Elementary “Art Imitates Art” Review (Season 4 Episode 20)

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On the second of two back-to-back episodes of “Elementary,” Watson continued to deal with half-sister Lin (Samantha Quan) while investigating a bizarre crime involving a woman shot and killed in one state by a driver that left their car in another state for unknown reasons, a selfie that revealed more than someone intended, an artist of dubious merits, compromised DNA, crooked law enforcement officials and a lesbian love triangle gone horribly awry, in the wryly-titled “Art Imitates Art.” (See the review for the first episode here, in case you missed it.)

We picked up right where we left off with Watson confronting her half-sister Lin with what she had found out about her in the previous episode: that they shared the same father and that Lin had lied about being romantically involved with Mycroft at around the same time as Joan had been.

Indeed, it proved that Lin had known about Watson for some two years, ever since their father went off his meds and made mention of a “secret second family” he’d left behind before getting involved with Lin’s mother. Though at first chalking it up to crazy talk, Lin had looked into the matter and discovered it to be all too true, leading to a certain obsession with her father’s previous activities with this mysterious “other” family.

Finally caught and her true motives exposed, Lin reacted like a cornered animal and told Watson she wanted nothing to do with her, storming off in a rage. I guess having the shoe on the other foot didn’t sit well with her, but that’s what she gets for not only lying and taking advantage of Holmes and Watson’s hospitality, but trying to dupe someone that’s far better at unearthing the truth than Lin will likely ever be.

Meanwhile, a young woman in the Bronx who called an Uber-like car service got the surprise of a lifetime when the driver pulled up and shot her dead on the spot. Strange enough as it was, but then the driver inexplicably drove the car to Connecticut, before getting out and purposefully smashing it up with a baseball bat, setting off the car alarm and bolting out of there. But why all the rigmarole? Did the killer want to be caught?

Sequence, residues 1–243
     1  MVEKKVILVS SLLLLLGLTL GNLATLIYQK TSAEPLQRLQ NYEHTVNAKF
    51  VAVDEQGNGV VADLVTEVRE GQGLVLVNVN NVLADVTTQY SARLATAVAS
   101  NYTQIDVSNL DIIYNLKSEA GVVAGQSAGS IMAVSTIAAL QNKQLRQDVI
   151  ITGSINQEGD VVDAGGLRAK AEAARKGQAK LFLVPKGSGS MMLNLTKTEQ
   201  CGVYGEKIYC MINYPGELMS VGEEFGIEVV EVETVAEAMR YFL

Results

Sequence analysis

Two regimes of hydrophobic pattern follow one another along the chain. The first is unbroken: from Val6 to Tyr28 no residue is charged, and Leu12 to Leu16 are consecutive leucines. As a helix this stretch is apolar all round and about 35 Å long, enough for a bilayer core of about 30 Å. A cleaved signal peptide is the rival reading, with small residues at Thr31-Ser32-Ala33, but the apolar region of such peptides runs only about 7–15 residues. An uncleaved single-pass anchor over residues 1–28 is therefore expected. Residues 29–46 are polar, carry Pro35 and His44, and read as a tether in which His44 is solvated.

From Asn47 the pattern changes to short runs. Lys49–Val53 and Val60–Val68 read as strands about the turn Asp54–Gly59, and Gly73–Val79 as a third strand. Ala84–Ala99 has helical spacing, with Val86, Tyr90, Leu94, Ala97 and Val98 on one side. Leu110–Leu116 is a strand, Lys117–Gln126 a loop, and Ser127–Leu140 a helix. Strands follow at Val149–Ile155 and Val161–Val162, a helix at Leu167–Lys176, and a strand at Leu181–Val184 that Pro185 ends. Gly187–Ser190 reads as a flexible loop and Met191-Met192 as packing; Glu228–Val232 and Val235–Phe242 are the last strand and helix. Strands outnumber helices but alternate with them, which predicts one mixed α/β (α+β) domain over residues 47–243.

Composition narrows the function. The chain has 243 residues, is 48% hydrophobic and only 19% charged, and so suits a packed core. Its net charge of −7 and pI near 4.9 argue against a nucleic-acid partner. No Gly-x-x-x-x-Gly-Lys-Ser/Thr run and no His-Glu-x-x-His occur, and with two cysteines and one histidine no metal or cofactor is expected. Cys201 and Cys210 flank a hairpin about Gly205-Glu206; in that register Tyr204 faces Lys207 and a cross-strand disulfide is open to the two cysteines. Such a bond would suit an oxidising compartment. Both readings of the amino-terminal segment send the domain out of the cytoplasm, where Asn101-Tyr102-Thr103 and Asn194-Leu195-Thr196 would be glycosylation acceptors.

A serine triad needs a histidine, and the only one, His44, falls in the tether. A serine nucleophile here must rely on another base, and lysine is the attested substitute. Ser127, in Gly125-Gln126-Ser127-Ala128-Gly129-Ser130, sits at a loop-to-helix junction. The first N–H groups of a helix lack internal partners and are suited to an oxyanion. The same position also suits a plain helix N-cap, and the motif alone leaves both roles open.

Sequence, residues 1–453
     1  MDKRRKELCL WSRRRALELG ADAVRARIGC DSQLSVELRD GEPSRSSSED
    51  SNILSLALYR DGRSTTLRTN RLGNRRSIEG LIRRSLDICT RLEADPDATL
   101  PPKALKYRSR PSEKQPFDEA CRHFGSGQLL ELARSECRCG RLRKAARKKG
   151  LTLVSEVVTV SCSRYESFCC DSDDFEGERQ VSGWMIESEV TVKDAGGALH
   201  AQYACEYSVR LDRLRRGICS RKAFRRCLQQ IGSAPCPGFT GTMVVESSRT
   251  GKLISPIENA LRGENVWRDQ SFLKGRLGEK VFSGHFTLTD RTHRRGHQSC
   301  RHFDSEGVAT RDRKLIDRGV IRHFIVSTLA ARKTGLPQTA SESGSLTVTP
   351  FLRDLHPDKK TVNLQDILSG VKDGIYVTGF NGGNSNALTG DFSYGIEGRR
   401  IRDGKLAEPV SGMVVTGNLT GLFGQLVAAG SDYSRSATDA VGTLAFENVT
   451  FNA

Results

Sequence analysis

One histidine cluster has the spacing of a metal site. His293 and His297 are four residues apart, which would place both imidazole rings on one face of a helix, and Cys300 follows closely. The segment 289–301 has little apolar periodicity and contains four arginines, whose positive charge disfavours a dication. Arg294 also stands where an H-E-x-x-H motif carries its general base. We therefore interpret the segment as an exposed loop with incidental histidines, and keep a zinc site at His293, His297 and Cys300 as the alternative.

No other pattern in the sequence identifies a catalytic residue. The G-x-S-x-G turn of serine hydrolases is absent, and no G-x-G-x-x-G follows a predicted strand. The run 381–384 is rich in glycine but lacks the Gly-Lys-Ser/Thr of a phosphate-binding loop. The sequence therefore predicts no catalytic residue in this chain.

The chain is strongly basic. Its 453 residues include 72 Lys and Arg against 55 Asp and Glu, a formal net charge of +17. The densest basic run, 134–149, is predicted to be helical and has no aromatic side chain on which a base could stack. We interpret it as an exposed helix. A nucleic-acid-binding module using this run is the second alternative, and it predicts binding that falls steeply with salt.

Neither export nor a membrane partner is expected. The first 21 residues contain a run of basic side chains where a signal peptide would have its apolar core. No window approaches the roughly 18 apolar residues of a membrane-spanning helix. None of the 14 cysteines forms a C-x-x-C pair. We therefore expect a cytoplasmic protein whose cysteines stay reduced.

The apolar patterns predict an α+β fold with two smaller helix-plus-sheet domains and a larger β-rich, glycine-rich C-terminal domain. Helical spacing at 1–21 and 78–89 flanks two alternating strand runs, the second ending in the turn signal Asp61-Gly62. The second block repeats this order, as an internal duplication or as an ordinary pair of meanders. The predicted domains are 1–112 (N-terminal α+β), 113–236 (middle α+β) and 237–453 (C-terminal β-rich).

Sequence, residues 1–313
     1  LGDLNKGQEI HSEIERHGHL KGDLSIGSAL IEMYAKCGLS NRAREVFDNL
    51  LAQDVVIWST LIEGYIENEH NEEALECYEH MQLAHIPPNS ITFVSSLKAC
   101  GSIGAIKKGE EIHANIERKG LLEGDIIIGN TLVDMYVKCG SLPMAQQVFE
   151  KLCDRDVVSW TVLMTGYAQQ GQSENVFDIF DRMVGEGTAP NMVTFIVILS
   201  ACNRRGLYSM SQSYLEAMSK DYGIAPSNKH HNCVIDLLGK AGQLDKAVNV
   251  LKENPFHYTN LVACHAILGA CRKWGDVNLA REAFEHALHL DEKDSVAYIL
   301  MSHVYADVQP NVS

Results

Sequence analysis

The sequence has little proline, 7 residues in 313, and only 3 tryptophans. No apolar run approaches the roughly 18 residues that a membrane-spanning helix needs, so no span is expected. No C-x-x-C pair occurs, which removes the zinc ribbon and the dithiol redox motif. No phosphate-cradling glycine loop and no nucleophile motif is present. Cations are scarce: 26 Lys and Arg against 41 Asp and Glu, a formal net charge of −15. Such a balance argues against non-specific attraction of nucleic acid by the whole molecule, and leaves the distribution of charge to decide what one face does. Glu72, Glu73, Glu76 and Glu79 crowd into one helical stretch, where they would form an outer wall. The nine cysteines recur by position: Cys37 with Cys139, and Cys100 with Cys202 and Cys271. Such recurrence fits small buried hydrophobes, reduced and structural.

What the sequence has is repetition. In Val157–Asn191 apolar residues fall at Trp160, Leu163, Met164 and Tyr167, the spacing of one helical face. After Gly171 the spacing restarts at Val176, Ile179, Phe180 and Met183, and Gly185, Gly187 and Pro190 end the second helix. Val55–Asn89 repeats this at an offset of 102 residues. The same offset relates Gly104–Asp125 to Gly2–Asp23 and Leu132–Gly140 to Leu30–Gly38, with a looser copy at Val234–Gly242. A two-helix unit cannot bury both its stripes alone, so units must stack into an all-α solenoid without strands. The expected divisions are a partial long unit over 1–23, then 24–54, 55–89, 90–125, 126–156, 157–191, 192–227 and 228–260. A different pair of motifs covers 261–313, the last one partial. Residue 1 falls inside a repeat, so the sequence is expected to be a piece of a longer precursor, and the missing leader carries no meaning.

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The woman in question was Phoebe Elliott (Victoria Janicki, “The Blacklist”), who just so happened to have a brother, Keith (Jason Dirden, “House of Payne”) who had been to jail for stealing cars- had he stolen one and posed as a Zouss driver? He denies it and claims to have long since gotten his act together since getting out of jail and having had his sister’s full support.

Keith points the team in the direction of “artist” Ephraim (Quentin Mare, “Body of Lies”), who has made a career out of taking people’s private photos from social media website and blowing them up in huge portraits and selling them for profit without the consent of the subjects in his pieces, which has understandably not gone over well with some people.

This led to some hilarious lines about Ephraim’s shenanigans, from Holmes and Bell alike. “So, this guy rips off other people’s selfies, blows them up and charges a hundred grand apiece for them? Surprised I’m not investigating his murder,” mused Bell. Meanwhile, Holmes tells Ephraim that he’d show him the crime scene photos of Phoebe’s death, but “you’d probably just ‘recontextualize’ them and sell them for profit.” Lol. Ain’t that the truth?

I’m quite sure I’ve heard of other people doing this, with similarly angered results from the people whose personal photos were used- or else I saw someone do it in another crime procedural and remember it as having been real, which is possible. With all these “ripped from the headlines” plotlines, who even knows anymore?

But I do know that nothing much surprises me anymore these days, when it comes to so-called “art.” The other day, I was on “You Tube” and saw that there was a new thing of taking other people’s so-called “mash-ups” and mashing them up into another massive mash-up free-for-all. So, yes, for those keeping score at home, it was a mash-up of other people’s mash-ups.